US 3357090 A
Description (OCR text may contain errors)
P. TIFFANY 3,357,090
2 Sheets-Sheet 1 FIG 2 ATTORNEYS Dec. 12, 1967 -VIBRATORY WELDING TIP AND METHOD OF WELDING Filed May 23, 1963 VACUUM PUMP Dec. 12,1967 TlFFANY VIBRATORY WELDING TIP AND METHOD OF WELDING 2 Sheets-Sheet 2 Filed May 23, 1963 FIG. ll
ATTORNEYS I United States Patent 3,357,090 VIBRATORY WELDING TIP AND METHOD OF WELDING Paul Tiffany, Beverly, Mass., assignor to Transitron Electronic Corporation, Wakefield, Mass a corporation of Delaware Filed May 23, 1963, Ser. No. 282,711 7 Claims. (Cl. 29-470) This invention relates to semiconductor welding techniques and more particularly comprises a new and improved method of and apparatus for securing conductors to the bodies of semiconductor devices.
At the present time compression bonding is unversally employed in the manufacture of semiconductors to secure gold wires and balls to slices and dices. Conventionally in the manufacture of such devices as control rectifiers the compression bonding of the gold balls to the body is conducted after the body or wafer is alloyed to the header, and the heat generated during compression bonding weakens the bond between the wafer and the header. Furthermore, the heat generated, unless extreme caution is exercised, often causes a short circuit in the wafer, which destroys its usefulness. In the manufacture of planar diodes and similar devices it has heretofore been diificult to attach gold balls to a slice because the slice could not be subjected to the heater during the prolonged period required to attach several balls by compression bonding to the slice. Therefore it has been conventional practice first to cut the slices into dice and thereafter attach a single gold ball to each of the die cut.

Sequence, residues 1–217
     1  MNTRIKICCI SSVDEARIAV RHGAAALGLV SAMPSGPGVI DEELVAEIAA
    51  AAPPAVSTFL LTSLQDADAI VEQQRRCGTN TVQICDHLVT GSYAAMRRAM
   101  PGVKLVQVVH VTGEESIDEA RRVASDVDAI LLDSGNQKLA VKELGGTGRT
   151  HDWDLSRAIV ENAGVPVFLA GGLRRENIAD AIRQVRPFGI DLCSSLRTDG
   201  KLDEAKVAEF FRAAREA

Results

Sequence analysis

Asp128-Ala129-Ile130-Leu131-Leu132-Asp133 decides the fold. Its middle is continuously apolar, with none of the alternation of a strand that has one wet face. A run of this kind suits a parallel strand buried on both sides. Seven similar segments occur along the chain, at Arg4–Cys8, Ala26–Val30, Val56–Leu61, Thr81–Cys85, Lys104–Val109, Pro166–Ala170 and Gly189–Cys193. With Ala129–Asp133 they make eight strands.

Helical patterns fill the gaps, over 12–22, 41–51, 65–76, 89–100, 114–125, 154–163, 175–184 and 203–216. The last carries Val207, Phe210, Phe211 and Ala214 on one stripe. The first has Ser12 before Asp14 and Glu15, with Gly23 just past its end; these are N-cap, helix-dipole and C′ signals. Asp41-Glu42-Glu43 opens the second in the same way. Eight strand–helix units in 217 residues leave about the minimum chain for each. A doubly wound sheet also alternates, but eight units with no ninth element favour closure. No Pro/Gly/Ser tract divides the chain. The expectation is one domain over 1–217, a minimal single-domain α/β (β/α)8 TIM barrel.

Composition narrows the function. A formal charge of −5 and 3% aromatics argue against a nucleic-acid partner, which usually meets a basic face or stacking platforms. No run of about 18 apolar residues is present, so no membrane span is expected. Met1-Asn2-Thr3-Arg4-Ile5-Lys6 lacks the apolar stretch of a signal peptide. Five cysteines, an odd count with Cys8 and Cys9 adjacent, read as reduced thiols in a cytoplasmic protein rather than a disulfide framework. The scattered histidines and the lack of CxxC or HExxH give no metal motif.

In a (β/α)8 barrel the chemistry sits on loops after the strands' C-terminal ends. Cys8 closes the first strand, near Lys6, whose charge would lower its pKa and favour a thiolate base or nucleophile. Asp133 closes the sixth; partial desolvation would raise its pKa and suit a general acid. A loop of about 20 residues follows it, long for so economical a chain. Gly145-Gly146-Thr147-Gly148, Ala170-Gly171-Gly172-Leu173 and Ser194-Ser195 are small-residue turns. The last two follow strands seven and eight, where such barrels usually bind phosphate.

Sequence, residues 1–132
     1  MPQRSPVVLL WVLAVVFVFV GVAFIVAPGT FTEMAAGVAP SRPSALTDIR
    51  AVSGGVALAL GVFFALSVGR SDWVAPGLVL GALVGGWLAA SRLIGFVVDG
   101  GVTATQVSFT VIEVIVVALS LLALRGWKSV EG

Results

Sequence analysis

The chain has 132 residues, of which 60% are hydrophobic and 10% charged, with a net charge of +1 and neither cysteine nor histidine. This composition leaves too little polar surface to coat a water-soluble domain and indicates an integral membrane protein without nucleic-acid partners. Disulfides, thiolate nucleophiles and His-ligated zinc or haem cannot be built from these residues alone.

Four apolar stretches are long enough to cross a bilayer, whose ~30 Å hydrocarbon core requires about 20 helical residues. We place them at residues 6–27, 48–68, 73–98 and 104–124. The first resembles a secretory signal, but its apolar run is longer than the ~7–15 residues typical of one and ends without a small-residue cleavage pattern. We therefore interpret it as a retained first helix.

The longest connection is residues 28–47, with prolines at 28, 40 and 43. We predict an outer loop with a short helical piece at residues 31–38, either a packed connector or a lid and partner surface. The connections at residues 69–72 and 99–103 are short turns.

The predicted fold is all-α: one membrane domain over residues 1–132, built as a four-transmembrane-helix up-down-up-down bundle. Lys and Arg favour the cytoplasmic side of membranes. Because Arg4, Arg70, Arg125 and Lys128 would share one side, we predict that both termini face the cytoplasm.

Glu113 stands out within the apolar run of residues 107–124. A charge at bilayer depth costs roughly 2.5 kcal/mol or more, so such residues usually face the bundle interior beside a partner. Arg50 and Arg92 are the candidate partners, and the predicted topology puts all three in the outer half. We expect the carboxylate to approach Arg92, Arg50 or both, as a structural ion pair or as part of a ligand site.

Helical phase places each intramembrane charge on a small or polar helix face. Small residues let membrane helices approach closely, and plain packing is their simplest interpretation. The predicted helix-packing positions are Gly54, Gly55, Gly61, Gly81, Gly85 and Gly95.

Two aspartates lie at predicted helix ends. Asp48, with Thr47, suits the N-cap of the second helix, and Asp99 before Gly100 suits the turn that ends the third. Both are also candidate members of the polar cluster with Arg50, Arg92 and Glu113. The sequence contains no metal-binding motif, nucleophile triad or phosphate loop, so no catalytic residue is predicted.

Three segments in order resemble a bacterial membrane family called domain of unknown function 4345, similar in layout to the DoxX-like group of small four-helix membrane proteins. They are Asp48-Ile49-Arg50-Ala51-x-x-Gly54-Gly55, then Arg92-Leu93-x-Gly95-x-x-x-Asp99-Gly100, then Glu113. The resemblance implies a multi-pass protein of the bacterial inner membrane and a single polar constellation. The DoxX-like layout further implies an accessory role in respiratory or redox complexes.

One important object of this invention is to provide a method of and apparatus for attaching balls and wires to slice and die bodies which eliminates the use of heat so as to avoid oxidation and weakening of previously made bonds, and which further in certain cases, eliminates the use of aluminum vaporization.
Another object of this invention is to simplify and reduce the cost of manufacturing semiconductor devices.
Yet another important object of this invention is to modify ultrasonic welding equipment so that it may be used in the assembling and subsequent welding of gold wires and balls to devices.
A more general object of this invention is to improve both mechanically and electrically the quality of welds in semiconductor devices.
To accomplish these and other objects this invention includes among its features the use of ultrasonic welding equipment both to transport wire and balls to the wafers to which they are to be secured and thereafter bond the wire or balls to the bodies. To attach a wire to a slice or die, the quill of the ultrasonic welder is provided with an internal bore through which the wire is threaded so that it extends out the tip of the quill. The tip of the quill is countersunk so as to form a frusto-conical cavity or seat into which the ball formed on the end of the wire may be drawn and then carried to the water. When balls are to be secured to wafers or slices the bore through the quill is used to apply a vacuum to the frusto-conical shaped seat in the quill tip which allows the quill to pick up a ball and transport it to the precise point on the wafer or slice where it is to be welded. During actual welding the countersink serves to retain the ball in the precise location.
These and other objects and features of this invention will be better understood and appreciated from the following detailed description of several embodiments thereof, selected for purposes of illustration and shown in the accompanying drawing, in which:
FIG. lis a diagrammatic view of an ultrasonic welder employed to secure wire to a wafer, constructed in accordance with this invention;
FIGS. 25 are a series of diagrammatic views illustrating the sequence of steps for securing wire to a device using the apparatus of FIG. 1;
FIG. 6 is a diagrammatic view of the same apparatus shown in FIG. 1 as it is employed to secure a ball to a wafer or slice;
FIG. 7 is a plan view of a slice on which balls are to be welded;
FIGS. 8-11 are a series of diagrammatic views illustrating the sequence of steps for securing a ball to the slice of FIG. 7;
FIG. 12 is an enlarged cross-sectional view of a portion of the apparatus shown in FIGS. 1 and 6; and